Towards the end of 1887 the rocks collected during the visit of H.M.S. "Egeria" were submitted to Dr. (later Sir John) Hurray for examination, and he detected among the specimens from the higher parts of the island some which consisted of nearly pure phosphate of lime, a compound of the greatest commercial importance, used the world over for fertilizers and for other purposes. It is to this discovery that the island owed its further development.

Early in 1888 Dr. Murray sent Dr. H. B. Guppy to explore the island and work out its structure. He went to Batavia, and thence paid a visit to the Cocos-Kecling Islands, of which he gave a valuable account; but as far as Christmas Island was concerned the expedition miscarried, and he returned to England in February, 1889, without having reached it.

Strange as it may seem, the boundary line between the British and Dutch "spheres of influence" ran through the island, small as it was, so that it was within the "protection" of neither nation. Sir John Murray, confident that the island had great value, although he had never seen it, succeeded in getting his friend, the late Duke of Argyll, interested in the matter, with the result that Lord Salisbury ordered the island to be annexed to the British Crown. In June, 1888, H.M.S. "Imperieuse" anchored in Flying-Fish Cove, and the day following the flag floated for the first time over Christmas Island; the British Empire had a new possession, won bloodlessly, by modern scientific methods.

In November 1888 a settlement was established at Flying Fish Cove by Mr. G. Clunies Ross, of Cocos-Keeling Island, and since that date this gentleman's brother, Mr. Andrew Clunies Ross, with his family and a few Cocos-Island Malays, resided there almost continuously. By them houses were built, wells were dug, and small clearings for planting coffe(;, coconut-palms, bananas, and other plants were made in the neighborhood of Flying Fish Cove.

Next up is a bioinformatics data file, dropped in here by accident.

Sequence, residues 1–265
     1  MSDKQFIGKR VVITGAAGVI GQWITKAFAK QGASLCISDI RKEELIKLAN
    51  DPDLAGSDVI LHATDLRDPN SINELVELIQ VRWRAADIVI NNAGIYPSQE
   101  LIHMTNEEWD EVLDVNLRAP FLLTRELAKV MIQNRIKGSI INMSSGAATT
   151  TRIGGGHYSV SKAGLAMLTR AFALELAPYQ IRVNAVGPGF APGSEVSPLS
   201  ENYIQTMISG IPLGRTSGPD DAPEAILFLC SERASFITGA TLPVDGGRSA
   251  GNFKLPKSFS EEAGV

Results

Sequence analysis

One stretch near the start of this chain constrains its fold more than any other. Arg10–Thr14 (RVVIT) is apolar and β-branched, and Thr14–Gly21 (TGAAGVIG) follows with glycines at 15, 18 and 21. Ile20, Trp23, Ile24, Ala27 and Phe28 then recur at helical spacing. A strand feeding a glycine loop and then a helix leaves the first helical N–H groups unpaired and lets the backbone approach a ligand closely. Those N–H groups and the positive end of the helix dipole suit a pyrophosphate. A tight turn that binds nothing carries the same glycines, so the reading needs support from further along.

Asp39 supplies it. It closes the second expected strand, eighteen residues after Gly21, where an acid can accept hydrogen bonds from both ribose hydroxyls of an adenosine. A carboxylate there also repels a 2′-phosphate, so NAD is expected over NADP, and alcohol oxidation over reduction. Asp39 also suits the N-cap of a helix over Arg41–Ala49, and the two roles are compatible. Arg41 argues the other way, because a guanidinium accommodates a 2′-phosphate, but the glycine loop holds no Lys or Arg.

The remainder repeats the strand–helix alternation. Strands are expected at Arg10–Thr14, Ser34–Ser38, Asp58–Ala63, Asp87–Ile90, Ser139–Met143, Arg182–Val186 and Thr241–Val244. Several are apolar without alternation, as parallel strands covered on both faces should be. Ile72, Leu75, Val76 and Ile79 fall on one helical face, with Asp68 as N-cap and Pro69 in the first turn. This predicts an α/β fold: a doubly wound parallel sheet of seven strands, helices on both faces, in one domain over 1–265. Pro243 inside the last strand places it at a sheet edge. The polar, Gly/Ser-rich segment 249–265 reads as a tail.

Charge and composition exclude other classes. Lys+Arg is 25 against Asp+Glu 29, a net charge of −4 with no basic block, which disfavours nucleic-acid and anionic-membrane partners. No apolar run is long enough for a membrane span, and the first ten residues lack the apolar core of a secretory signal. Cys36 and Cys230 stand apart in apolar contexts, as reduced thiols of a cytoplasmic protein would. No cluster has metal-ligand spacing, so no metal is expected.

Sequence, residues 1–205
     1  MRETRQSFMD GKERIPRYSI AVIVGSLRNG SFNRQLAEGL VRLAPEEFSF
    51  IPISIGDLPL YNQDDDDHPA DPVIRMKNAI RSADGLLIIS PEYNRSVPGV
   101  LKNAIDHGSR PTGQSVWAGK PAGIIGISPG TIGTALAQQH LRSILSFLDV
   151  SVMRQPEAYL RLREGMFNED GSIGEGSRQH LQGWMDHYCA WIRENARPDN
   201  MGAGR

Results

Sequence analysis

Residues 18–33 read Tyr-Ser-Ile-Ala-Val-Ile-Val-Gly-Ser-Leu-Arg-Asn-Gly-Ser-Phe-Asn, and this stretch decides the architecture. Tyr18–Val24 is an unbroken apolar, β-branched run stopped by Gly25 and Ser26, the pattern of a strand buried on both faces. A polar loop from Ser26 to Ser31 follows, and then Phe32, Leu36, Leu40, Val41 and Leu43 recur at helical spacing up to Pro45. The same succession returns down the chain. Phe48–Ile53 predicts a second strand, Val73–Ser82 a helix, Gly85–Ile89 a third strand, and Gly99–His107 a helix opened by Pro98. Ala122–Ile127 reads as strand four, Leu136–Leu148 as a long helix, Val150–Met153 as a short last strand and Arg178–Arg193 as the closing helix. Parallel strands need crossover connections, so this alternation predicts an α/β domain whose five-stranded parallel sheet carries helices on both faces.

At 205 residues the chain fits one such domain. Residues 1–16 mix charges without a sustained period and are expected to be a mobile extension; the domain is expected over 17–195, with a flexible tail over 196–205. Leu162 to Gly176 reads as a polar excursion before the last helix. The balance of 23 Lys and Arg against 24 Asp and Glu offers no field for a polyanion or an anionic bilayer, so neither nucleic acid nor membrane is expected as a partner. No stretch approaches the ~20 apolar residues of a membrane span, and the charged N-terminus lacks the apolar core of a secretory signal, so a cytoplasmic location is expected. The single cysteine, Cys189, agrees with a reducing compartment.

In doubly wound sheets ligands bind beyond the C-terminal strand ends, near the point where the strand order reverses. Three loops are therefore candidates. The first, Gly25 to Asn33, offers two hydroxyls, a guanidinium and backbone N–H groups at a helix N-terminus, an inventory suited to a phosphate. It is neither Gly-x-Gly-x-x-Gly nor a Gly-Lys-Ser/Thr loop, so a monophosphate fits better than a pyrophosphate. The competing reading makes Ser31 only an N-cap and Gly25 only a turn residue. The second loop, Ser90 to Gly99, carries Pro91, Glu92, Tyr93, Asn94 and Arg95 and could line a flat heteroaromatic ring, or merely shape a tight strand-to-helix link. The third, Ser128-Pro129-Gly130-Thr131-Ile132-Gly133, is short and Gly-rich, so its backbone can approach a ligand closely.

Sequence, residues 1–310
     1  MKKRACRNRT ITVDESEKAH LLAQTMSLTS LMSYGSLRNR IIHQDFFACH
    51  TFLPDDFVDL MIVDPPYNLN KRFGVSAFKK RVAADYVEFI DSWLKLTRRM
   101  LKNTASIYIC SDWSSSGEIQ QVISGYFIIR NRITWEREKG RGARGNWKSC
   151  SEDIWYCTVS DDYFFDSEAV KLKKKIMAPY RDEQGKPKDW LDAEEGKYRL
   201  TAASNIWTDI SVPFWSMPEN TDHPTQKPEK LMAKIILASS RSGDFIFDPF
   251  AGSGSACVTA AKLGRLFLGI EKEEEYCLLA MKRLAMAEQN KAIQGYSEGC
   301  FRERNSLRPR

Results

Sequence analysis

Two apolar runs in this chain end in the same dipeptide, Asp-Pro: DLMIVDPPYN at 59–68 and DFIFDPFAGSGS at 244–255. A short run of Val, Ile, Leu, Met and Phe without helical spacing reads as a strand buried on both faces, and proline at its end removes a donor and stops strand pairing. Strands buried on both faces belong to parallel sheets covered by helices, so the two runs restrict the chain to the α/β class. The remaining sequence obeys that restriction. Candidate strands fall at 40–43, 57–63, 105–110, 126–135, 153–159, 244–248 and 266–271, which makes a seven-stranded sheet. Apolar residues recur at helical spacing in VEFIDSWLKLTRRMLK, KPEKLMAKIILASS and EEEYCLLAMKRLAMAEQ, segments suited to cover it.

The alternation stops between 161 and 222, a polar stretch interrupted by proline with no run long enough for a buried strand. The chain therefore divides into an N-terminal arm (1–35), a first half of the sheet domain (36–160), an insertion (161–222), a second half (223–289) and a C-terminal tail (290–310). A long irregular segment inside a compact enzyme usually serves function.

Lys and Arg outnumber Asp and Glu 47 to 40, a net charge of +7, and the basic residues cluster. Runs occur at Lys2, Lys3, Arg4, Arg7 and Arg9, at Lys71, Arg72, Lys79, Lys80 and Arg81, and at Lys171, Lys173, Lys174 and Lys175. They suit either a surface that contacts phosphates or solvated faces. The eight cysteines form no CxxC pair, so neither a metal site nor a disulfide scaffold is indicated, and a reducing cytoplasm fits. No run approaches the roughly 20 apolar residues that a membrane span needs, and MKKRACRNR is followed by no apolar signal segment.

The discovery of phosphate in 1888 led to an imported workforce of Chinese, Malays and Sikhs who often endured appalling conditions. You will hear many residents on the island still speak their cultural language of Bahasa melayu, many of the Chinese dialects, Cocos Malay, English and quite a few more.

Until the late 19th Century, it was probably the only existing tropical island of any large extent that had never been inhabited by people, savage or civilized. In the year 1897 a Company acquired the lease of the island, and arrangements were immediately made for its thorough exploitation; an agricultural rent is paid to the Government, in addition to royalties on all minerals and timber that may be exported.

In February, 1891, Sir John Murray and Mr. G. Clunies Boss were granted a lease of the island by the British Government, and in 1895-6 Mr. Sidney Clunies Ross made explorations in the higher part of the island, resulting in the discovery of large deposits of phosphate of lime. Finally, in 1897 the leaseholders sold their lease to a small company, in the possession of which the island remained.

The Island was occupied by Japanese forces from March 1942 until the end of the Second World War and in 1946 became a dependency of Singapore. By agreement with the United Kingdom sovereignty was transferred to the Commonwealth of Australia on 1 October 1958 under the Christmas Island Act 1958. This day is still celebrated as Territory Day.





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Page last modified: 26-07-2017 19:17:10 ZULU